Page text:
The buzz about IPOs has faded. The stock market's numerous plunges in recent months saw to that.
The November launches of daily deals pioneer Groupon and online game maker Zynga, however, may help whet investors' appetites for initial public offerings once again. If they go over well, more than 200 other companies are registered and ready to follow them to the market.
But beware of IPO hype. Amateur investors must step carefully if they want to buy a company that's just gone public without getting burned. The process is dominated by underwriters, investment banks and institutional investors that can drive up the early price to an unsustainable level.
You have to cut through the hype and be as diligent about looking into the company as you would with one that's been public for decades.
Without an established track record or detailed earnings history to go on, that can be tricky. For that reason, many financial experts would advise the lay investor to play it safe and steer clear of IPOs altogether.
Still, an investor with high tolerance for risk may be tempted to try to get in early on the next Google. Shares of the Internet search leader had an initial offering price of $85 for connected investors in 2004, started on the stock market at $100 and have been trading lately around $600.
Odds are against hitting a home run like that in the current market. In fact, more than half the 88 U.S.-listed stocks that debuted in 2011 are trading below their offer price.
But you at least want to avoid owning the next Webvan or Pets.com _ promising online businesses that bombed and folded within months of their much-heralded IPOs a decade ago.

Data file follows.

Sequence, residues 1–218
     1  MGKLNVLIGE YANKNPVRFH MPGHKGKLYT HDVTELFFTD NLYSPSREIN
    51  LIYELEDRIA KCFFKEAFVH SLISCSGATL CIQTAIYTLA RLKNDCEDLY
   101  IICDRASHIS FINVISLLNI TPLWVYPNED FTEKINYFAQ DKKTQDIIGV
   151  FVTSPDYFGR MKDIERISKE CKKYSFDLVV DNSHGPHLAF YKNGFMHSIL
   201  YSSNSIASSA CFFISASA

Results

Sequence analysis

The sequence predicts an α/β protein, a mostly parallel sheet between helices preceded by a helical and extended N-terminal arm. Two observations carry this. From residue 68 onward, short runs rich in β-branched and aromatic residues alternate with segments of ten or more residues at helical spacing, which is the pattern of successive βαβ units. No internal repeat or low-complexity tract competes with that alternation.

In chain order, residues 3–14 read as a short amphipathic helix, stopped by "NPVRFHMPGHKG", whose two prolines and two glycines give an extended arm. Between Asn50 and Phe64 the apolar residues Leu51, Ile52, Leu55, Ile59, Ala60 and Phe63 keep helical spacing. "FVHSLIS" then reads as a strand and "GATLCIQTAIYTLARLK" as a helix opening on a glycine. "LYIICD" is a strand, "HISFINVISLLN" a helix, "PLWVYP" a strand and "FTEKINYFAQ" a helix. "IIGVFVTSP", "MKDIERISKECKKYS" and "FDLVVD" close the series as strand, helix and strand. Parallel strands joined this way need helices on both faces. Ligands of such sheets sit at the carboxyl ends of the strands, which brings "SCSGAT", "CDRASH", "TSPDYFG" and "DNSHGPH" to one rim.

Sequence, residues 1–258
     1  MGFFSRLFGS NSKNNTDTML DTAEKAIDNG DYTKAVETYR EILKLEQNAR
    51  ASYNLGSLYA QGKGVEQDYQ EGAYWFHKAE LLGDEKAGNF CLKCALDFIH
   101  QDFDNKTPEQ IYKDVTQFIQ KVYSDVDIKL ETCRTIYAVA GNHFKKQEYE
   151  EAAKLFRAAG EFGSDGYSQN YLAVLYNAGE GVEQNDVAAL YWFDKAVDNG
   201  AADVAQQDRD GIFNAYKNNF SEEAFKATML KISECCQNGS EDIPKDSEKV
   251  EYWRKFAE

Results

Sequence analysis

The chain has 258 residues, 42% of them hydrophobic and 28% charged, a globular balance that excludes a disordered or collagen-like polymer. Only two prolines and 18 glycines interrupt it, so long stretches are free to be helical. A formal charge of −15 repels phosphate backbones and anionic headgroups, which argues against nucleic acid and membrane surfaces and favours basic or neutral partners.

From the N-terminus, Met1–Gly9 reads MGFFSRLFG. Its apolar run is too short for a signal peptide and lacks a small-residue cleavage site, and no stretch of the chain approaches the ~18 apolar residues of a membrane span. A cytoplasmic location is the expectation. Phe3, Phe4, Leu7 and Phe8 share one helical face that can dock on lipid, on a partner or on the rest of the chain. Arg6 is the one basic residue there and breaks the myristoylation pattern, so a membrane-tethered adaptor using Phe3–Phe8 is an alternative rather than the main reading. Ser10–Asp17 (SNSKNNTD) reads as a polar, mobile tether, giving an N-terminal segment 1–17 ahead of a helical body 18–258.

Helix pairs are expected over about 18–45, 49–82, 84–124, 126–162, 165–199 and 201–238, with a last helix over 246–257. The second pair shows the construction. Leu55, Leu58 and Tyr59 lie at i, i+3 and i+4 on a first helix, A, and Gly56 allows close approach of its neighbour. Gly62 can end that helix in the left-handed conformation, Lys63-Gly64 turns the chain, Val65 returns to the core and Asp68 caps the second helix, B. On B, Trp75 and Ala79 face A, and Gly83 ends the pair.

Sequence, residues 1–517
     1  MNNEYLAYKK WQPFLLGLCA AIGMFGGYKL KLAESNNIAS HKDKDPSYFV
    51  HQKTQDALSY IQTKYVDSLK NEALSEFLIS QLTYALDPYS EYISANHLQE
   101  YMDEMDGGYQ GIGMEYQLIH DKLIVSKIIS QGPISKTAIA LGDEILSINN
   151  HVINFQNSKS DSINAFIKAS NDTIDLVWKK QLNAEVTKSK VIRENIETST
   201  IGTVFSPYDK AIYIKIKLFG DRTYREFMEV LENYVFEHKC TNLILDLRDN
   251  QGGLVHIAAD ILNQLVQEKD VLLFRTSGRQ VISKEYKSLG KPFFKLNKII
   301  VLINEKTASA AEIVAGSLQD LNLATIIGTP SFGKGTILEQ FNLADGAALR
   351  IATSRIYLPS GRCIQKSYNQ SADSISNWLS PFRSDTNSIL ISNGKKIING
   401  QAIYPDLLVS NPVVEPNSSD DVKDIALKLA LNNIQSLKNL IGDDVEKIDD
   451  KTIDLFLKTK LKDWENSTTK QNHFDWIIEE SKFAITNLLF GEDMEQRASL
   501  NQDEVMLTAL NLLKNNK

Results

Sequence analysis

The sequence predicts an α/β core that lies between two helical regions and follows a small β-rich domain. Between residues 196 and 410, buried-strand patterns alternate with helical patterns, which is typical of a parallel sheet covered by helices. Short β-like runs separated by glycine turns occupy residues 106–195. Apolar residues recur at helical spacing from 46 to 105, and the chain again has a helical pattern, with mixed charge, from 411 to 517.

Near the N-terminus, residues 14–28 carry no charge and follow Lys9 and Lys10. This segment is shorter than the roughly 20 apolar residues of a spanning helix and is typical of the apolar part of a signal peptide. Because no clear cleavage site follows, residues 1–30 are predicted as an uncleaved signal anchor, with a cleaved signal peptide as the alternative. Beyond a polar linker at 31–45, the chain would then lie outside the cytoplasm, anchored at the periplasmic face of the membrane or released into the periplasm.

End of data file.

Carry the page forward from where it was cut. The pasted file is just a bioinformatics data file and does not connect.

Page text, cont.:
Here's a look at five things investors need to know about IPOs before getting involved:
1. It helps to learn the lingo.
There are other key terms to know besides IPO and "going public," which is shorthand for a company issuing stock to the public for the first time.
The underwriter is an investment bank or other financial firm that works with the company to determine a stock's offering price, buys shares from the issuer and sells them to investors.
The aftermarket is where most investors purchase shares _ on the open stock market _ after the underwriter, clients and other insiders get first crack by buying directly from the company.
A "red herring" prospectus outlines the issuing company's history and business plan. It got its name from the red-ink label on the cover. And a "greenshoe option," or over-allotment option, gives underwriters the right to sell investors more shares than planned if demand is high. That not only gives investors a better chance to get in on an IPO, it makes it likelier the price will be stable in the early going rather than reflecting short-term, pent-up demand.
Investopedia has more at http://www.investopedia.com/terms/i/ipo.asp.
2. It's difficult but not impossible to get in.
Average investors typically can't get in on an IPO at the offer price (before it hits the open market). Underwriters generally allot those shares to money management firms and other favored clients.
Having a full-service brokerage account with one of the underwriters of the offering is virtually a necessity if you want to even have a chance. For Zynga, as with Groupon, the lead underwriters include Goldman Sachs and Morgan Stanley.